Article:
Americans are known around the globe for being some of the most productive people. Taking a glimpse back into the United States history will yield evidence of monumental innovation and development. Some might say that the one industry that has stood tall in this forward progress is the food trade. It is not at all difficult to understand this businesses growth; as it is tied to the fundamental foundation of America itself – expansion. Since the first account of Europeans setting foot and exploring US soil, they uncovered a richness of natural resources needed to sustain a health and vibrant life. A particular era pointing to such vigorous growth is the 1950s when government lawmakers commissioned roads and bridges to be constructed to help expand the US footprint west. As these interstate highways were being erected many entrepreneurs saw an opportunity to build fast food eateries along the off-ramps of these new infrastructures. Additionally, after World War II government had to decide on what to do with its monitions, one thoughtful idea was to convert them into fertilizer – as ammonium nitrate serve as a dual purpose for the manufacturing of ammunitions or chemical fertilizer; nerve-gas is also converted to pesticides. Many US soldiers in returned home seeking the opportunity to acquire their very own piece of the American pie – land/homeownership. This combination on the surface proved to be incredibly good for America and Americans wellbeing. With a great workforce, government economic stimulus, and technological modernism of the food system all produced a happier and healthier citizenry. Today, there are many critics of this convenient and bountifulness food boom, a number of opponents express that this arrang.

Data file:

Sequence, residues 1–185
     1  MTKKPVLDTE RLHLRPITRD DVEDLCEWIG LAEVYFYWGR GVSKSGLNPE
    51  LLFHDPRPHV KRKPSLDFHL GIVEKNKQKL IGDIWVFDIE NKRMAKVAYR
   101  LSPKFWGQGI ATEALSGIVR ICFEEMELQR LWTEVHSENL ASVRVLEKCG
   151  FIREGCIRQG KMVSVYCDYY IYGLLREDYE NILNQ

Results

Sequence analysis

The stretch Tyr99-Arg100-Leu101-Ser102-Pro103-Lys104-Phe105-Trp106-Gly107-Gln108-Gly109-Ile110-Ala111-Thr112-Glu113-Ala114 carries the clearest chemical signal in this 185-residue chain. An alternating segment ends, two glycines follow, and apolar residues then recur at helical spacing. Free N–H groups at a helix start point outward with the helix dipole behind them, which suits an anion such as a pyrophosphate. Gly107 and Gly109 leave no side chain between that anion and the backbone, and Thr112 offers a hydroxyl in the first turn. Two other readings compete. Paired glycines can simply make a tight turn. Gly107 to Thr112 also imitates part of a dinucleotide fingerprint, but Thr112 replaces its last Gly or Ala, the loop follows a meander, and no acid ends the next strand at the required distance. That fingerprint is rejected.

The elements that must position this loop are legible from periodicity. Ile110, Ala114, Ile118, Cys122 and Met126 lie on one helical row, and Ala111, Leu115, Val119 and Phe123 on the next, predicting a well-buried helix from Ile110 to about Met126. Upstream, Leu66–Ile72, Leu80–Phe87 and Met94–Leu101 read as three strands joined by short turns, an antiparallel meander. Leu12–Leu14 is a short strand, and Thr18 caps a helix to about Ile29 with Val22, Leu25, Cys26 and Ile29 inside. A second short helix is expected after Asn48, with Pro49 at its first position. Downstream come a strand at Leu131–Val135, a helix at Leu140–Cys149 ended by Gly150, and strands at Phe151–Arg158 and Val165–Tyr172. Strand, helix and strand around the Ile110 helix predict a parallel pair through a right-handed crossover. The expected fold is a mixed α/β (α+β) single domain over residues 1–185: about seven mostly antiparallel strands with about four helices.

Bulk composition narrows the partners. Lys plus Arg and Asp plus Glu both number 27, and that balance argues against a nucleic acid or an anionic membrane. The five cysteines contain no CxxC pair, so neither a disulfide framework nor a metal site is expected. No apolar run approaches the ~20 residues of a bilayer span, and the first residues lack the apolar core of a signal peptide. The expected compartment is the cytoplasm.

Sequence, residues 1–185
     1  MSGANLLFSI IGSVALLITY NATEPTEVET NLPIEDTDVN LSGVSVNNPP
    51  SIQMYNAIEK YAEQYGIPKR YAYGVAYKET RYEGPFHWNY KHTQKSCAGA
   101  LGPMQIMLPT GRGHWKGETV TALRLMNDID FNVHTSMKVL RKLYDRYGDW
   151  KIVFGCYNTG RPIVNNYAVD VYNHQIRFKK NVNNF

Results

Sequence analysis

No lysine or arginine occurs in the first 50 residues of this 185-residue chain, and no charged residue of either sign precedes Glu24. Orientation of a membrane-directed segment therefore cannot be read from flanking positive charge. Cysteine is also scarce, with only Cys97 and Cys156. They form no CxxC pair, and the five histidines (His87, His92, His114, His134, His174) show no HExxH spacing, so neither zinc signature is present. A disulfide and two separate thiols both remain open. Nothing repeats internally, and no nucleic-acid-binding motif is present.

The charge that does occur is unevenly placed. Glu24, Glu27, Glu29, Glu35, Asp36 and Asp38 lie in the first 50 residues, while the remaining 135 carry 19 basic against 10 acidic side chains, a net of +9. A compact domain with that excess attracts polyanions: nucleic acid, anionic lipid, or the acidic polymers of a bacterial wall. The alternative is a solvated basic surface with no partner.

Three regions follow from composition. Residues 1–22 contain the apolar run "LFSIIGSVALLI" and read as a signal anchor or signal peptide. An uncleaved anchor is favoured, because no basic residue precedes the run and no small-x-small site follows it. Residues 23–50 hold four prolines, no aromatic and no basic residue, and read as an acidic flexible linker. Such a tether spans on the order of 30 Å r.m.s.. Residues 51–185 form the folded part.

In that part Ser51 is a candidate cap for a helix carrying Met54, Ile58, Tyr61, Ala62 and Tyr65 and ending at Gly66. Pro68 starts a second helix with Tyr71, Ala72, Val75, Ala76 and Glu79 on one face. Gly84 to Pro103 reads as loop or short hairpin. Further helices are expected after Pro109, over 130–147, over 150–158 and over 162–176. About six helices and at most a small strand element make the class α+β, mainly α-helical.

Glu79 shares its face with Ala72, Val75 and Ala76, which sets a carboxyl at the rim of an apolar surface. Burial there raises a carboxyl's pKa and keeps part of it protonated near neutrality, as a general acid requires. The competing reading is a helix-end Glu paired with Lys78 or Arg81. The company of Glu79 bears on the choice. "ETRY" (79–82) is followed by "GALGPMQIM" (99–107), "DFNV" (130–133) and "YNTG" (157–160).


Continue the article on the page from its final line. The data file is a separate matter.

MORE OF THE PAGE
. .back on fatty meats. Eggs, cheese, nuts, grains, and leafy green vegetables are fine alternatives. Think of replacing that reduction of meats with an extra day of fish. It is a well-known documented health fact that a good number of people do not get the advised amount of fish. In fact, Eating Made Simple by Marion Nestle presented a stat from the IOM’s October 2006 report concluding “that eating seafood reduces the risk of heart disease.” (4) What is better than to reduce a fatty food and replacing it with a disease lowering source? Works Cited Kluger, Jeffrey. “What’s So Great About Organic Food?” Time 176.9 (2010). Nestle, Marion. “Eating Made Simple.” 297.3 (2007). Pollan, Micheal. “Farmer in Chief.” NYTimes.com (2008): 12. Rudd Center for Food Policy and Obesity. Fast Food Nutrition and Marketing to Youth–Summary. November 2010. 30 September 2011